Grateful 2 reported a pretty uneventful day. His trek through the Great Smoky Mountains National Park (GSMNP) is progressing well as he logged in over a dozen miles. He hiked most of the day with a 61-year-old hiker from St. Louis, trail name: Persistent. Grateful 2’s feet bothered him a little during today’s hike, but his progress kept him positive. A strong hike tomorrow promises an exit from the GSMNP – a major milestone on any thru-hike.
Grateful 2 made it out of the Smokies! His Easter hike is best described in his own words,
“As I climbed down from 5000 feet to 1500 feet I noticed a distinct change. Life on the trees and ground in the form of leaves! I had not seen leaves on trees on the trail since I began the journey. It was so good to see this sign of life. It almost felt like I walked from winter to spring in a few hours. Gone were the bare tree trunks and solid brown floor covering. In its place were millions of little fluorescent green tree flags and wildflowers everywhere. There was mayapple, dwarf iris, bluets, trillium, and rue anemone ..… From death to life in such a short time. Kind of appropriate for this Easter Day, don’t you think?”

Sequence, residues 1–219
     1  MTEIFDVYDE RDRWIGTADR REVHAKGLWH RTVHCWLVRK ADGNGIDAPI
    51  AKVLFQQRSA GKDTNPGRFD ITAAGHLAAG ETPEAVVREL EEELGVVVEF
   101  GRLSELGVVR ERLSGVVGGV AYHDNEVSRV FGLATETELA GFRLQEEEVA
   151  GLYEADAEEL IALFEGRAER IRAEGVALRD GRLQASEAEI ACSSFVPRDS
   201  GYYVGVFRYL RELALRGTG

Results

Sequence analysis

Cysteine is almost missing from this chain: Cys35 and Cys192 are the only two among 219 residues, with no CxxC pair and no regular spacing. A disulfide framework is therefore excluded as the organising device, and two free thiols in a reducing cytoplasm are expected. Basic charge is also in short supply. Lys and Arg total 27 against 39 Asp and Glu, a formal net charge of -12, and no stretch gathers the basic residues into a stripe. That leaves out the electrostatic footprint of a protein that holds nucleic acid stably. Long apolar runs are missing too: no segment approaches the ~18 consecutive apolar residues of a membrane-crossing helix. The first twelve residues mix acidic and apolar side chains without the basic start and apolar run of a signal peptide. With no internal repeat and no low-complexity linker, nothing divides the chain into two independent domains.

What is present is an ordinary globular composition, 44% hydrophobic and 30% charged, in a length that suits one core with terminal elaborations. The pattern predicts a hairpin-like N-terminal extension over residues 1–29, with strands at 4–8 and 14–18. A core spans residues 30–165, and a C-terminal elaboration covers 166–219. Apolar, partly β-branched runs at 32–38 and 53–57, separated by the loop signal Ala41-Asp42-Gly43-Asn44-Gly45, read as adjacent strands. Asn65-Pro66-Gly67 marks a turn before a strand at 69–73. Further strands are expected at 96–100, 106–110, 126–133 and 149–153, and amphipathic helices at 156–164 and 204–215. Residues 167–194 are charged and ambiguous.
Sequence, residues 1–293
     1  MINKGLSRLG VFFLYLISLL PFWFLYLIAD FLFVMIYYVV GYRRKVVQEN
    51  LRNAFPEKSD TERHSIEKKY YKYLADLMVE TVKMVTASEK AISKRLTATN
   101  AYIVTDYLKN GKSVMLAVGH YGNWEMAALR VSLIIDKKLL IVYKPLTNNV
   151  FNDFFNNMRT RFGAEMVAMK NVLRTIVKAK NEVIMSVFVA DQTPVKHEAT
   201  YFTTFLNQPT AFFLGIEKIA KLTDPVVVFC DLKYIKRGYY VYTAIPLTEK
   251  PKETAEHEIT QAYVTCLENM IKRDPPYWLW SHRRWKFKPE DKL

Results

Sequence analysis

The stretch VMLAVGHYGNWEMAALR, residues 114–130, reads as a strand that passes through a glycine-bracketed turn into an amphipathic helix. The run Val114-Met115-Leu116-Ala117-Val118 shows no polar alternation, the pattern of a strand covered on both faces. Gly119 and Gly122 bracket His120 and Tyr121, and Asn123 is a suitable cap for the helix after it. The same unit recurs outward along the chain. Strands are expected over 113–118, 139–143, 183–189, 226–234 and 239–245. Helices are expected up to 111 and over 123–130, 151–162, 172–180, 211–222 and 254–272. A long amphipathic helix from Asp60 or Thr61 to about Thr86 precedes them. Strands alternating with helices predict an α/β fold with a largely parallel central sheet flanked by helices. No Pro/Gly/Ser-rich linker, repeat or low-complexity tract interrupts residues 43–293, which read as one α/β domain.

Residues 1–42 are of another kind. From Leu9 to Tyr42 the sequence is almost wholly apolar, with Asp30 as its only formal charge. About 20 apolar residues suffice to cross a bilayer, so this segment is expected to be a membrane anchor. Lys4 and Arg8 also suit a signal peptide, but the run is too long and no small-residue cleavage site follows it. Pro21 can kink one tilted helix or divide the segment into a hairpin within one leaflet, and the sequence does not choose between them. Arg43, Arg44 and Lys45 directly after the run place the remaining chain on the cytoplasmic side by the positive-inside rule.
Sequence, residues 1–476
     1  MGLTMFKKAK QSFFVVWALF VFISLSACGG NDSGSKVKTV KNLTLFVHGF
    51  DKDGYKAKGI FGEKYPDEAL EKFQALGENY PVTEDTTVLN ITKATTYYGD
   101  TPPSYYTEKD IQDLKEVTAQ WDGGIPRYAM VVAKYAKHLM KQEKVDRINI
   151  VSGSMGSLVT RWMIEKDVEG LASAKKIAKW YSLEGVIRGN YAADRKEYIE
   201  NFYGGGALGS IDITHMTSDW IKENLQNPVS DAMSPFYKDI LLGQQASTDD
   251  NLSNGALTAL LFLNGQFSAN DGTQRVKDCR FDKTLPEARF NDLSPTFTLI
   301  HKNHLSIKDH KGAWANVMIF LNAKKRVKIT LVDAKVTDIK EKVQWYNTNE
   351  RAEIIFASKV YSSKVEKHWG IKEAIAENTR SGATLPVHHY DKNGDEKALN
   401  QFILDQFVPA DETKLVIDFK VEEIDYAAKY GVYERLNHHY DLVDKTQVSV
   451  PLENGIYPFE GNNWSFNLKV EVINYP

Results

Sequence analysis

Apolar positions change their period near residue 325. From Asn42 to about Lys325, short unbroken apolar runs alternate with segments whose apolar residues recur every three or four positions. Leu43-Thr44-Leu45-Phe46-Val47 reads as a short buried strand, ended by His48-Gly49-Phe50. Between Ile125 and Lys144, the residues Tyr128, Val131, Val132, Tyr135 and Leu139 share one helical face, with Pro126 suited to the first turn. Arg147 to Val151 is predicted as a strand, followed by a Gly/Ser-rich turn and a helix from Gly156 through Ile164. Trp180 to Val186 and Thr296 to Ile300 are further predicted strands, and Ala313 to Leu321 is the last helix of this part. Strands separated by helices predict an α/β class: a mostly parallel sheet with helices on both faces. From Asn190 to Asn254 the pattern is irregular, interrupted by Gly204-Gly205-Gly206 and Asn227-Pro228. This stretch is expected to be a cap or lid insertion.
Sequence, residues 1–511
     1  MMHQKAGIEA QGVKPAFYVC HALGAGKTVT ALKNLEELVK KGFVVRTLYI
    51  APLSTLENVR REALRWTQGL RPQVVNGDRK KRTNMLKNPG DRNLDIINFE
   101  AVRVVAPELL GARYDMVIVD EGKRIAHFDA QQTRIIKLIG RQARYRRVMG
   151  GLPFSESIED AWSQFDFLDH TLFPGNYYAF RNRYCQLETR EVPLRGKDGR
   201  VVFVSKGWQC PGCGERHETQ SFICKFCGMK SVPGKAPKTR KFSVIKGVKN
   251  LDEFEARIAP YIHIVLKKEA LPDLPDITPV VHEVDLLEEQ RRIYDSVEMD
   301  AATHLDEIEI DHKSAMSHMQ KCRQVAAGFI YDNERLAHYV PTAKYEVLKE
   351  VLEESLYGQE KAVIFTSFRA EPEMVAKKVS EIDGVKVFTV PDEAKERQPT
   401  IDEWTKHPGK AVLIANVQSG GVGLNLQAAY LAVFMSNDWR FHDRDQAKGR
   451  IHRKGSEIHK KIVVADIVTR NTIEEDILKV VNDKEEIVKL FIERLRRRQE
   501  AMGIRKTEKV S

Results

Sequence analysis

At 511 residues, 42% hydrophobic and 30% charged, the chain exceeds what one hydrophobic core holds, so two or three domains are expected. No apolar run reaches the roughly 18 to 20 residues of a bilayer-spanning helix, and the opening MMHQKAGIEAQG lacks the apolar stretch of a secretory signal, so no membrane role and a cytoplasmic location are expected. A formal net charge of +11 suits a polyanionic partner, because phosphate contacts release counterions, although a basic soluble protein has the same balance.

My last post about Beaker, the chemist from West Virginia had him snow-bound in Knoxville, TN, enjoying his son’s home and awaiting the arrival of his wife, Marguerite. The next few days were rather eventful… off trail.
Tuesday March 14
Beaker enjoyed the zero day in Knoxville hanging out with his son’s dogs and visiting the local outfitter store.